A tale of two crons or: How cron helped me spot an infection on a server

A few days earlier, while I was helping my friend administer his VPS, I noticed a suspicious entry in last command's output. To make sure nothing shady was running on the server, I ran ps aux to list all the processes running and started inspecting the output. By pure coincidence, I noticed that there were two cron daemons running, one with the name cron and one with the name crond. The VPS was running Ubuntu Server 14.04 and I knew from experience that the one with the name cron should be the one running by default. So why was there a process named crond running as well?


To find the source of the crond process, I started by running the which crond command, but surprisingly got no output. By this time, I was sure that this process was fishy. To find the directory from where this process was running, I ran pwdx with its pid. The output was:

<pid>: /tmp/ .

I immediately cd'ed to the /tmp/ directory.

Inside /tmp, I ran ls -a, but to my surprise the directory was empty! There was nothing there except for the usual . and .. (at least from a quick glance). Confused, I looked at pwdx's output again and realized that the directory had been ingeniously named ' . ', i.e., 'space-dot-space'.

So, finally I cd'ed into that directory and saw a few dozen files sitting around. Rather helpfully, I even found a README file among those files. After a quick look at the file, I found that the files belonged to a common IRC bouncer named psyBNC.

Even more helpfully, I found a log file under that directory tree which showed the usernames of those connecting to psyBNC (presumably the *hackers*) and the network they were connecting to - which was Undernet. There were 3 usernames in total and I found that the log entries began two months back. So the server was presumably hacked two months ago.

Cleaning Act

Before getting rid of the infection, I first ran rkhunter to make sure there weren't any known rootkits running on the system. Thankfully, there weren't any other suprises and rkhunter even showed a warning about the infection directory due to its unconventional name.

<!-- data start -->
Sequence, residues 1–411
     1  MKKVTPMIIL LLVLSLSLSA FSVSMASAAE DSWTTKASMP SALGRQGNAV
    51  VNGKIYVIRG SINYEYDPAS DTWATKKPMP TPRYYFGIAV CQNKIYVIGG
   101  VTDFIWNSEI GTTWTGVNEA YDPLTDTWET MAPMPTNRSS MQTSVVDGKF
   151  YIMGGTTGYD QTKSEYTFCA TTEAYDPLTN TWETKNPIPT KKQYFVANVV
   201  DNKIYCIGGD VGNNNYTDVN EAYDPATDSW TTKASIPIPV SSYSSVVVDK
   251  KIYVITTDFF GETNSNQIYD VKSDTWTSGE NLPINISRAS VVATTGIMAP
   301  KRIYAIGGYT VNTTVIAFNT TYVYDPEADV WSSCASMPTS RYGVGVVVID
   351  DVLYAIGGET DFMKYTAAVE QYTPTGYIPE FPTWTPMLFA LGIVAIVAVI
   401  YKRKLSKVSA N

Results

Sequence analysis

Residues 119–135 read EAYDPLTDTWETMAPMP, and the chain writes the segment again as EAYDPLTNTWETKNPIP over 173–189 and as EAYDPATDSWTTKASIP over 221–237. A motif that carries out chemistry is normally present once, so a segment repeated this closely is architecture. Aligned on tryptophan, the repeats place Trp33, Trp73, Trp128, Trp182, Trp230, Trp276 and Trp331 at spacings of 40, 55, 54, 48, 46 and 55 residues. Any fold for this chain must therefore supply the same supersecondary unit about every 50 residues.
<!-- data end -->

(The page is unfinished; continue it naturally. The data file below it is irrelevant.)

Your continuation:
Then I checked the username with which the crond process was running and found that (thankfully) it was not running with root privileges. Inspecting the files and directories under the infection directory didn't show any use of root privileges either.

So, to finally get rid of the infection, I first killed the crond process, then removed the directory housing it and just to be safe, deleted the username which crond was running with, as well.

Finding source of the infection

Unfortunately, we weren't able to establish the source of the infection authoritatively. After much urging by me, my friend vaguely recalled that some time back he had given the credentials used by the hackers to a support executive for a renowned e-commerce software. Comparing the date mentioned by him with the begin date of the psyBNC logs, there indeed seems to be a connection.

Oh, and in case you were wondering about the suspicious entry in the last command's output, that was a totally unrelated thing. But it sure started this chain of events ;).


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